The BDL's outlook for the current year is a positive one. We expect economic growth to pick up even further, with estimated growth rates of more than 2% and inflation contained below our 4% target. Moreover, the recent financial engineering scheme has had a positive impact on both the monetary and banking fronts. As previously stated and in addition to the record level reached in BDL's foreign assets, the balance of payments has recorded a surplus of USD1.3 billion in 2016. The banking sector remains strong despite the pressing challenges that took some toll on its advancement. However, its performance remains healthy and enduring: total banking activity grew by more than 9% with total assets of banks exceeding USD205 billion in March 2017. Customer deposits have increased by around 8% to reach a new high of USD174 billion, with additional funds of around USD10 billion entering the banking sector. Lending activity recorded a 5.4% growth during 2016, with total credit to the private sector exceeding USD58 billion in March 2017. The deposit dollarization ratio registered a slight increase, reaching 66%, while the loan dollarization ratio continued its downward trend to reach 71% in March 2017, its lowest recorded so far. The Lebanese banking sector's high levels of liquidity enable commercial banks to finance the government and private sector needs while maintaining a stable interest rate structure. In terms of capitalization, banks' capital base has exceeded USD18 billion in March 2016, with an annual growth rate of 8%, which enables banks to comply with the new international capital, risk, and IFRS requirements. Our stimulus packages that have been renewed for the fourth consecutive year with an average of USD1 billion per year, have proven their worth, boosting the various sectors they target, contributing sizably to GDP and promoting job creation.

Currently, foreign direct investment (FDI) in Lebanon represents 6.7% of national GDP. In which sectors do you see the most potential?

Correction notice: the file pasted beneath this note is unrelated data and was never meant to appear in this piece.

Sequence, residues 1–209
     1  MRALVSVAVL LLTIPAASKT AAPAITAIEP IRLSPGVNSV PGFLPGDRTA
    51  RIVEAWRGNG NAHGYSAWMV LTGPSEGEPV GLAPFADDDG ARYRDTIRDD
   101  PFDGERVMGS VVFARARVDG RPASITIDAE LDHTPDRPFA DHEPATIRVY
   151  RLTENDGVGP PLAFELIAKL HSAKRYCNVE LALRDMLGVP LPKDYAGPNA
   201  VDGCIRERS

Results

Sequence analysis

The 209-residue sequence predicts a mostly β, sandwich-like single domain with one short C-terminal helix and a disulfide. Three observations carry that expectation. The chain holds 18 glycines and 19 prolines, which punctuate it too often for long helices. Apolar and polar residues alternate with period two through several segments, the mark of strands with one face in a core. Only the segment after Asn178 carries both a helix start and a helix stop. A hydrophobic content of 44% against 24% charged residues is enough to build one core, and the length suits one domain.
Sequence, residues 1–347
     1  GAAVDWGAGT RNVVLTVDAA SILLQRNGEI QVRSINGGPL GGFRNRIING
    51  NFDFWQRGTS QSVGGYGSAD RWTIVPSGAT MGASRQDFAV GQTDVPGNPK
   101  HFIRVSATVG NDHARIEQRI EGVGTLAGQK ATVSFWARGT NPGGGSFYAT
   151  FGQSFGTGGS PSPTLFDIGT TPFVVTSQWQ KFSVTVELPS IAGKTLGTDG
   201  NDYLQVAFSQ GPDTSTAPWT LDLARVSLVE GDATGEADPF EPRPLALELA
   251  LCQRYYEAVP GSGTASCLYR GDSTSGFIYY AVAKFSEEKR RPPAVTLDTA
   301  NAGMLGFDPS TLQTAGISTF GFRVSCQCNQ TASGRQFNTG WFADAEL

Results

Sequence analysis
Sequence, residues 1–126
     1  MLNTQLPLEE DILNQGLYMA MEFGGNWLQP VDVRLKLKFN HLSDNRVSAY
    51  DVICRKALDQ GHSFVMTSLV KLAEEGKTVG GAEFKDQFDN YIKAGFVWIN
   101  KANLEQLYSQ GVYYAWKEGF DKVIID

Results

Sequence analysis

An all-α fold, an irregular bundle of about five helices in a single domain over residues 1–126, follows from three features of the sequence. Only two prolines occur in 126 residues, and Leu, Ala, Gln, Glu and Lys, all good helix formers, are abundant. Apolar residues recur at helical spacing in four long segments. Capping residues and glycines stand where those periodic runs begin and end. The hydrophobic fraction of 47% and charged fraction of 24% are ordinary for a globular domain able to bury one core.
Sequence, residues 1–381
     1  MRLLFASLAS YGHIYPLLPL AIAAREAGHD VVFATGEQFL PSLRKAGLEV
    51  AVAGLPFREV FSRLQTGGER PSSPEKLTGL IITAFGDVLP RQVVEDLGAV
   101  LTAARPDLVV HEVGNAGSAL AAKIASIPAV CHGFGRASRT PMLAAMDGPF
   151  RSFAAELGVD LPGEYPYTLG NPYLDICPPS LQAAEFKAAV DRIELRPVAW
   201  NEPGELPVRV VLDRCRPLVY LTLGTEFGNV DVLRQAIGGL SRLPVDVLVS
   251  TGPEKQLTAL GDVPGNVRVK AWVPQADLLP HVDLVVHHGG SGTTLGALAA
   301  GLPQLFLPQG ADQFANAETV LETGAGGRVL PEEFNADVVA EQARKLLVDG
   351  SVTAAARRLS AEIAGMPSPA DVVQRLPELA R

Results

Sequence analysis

The Lebanese knowledge economy has been a new and important driver of Lebanese economic growth. The BDL has placed more focus on further developing this sector. It has increased the margin of funds that banks could dedicate to the financing of this sector, by authorizing them to invest, with BDL's guarantee, up to 4% of their own funds, compared to 3% previously. To date, and after only three years of implementation, the Lebanese knowledge economy has attracted 800 startups, created 6,000 jobs, and increased national wealth by around USD1 billion. We expect this sector to grow by around 7-9% per year in the coming three years. We believe that this new growth model has the potential to attract investments to Lebanon, and mainly from Lebanese expatriates in the form of FDIs. With the former in mind, we are designing an Electronic Trading Platform that will provide the necessary equity and liquidity for SMEs and will boost investment in the Lebanese knowledge economy, since it will facilitate the access of people from around the world to the Lebanese markets. We hope that the SME stock market will be launched in parallel with the privatization of the Beirut Stock Exchange.

In general what advantages and benefits offers Lebanon for investment and how is BDL working into attract those flows?

BDL's efforts have been channeled in the past 20 years to build a prudent financial model, which has inspired confidence in the system. Over the past two decades, the BDL has been dedicated to strengthen monetary policy, push modernization forward, strive to achieve sustainable economic growth and financial sector stability, foster transparency and integrity through establishing best in class financial sector supervision and anti-money laundering capabilities and strengthen internal systems and processes. We believe that our banking model itself is the main attraction for investment, with proven resilience and competitiveness over time. Growing confidence in the system has continuously strengthened the Lebanese pound and the position of our banking sector both regionally and internationally. And as previously stated, we believe that the Lebanese “knowledge economy," that is rapidly growing, will be key to attracting investment flows, especially now that the ambition and innovative spirit of the Lebanese human capital has made the latter renowned across the world. The Electronic Trading Platform will surely be the tool that will attract those investments and help our capital markets grow and become regionally competitive.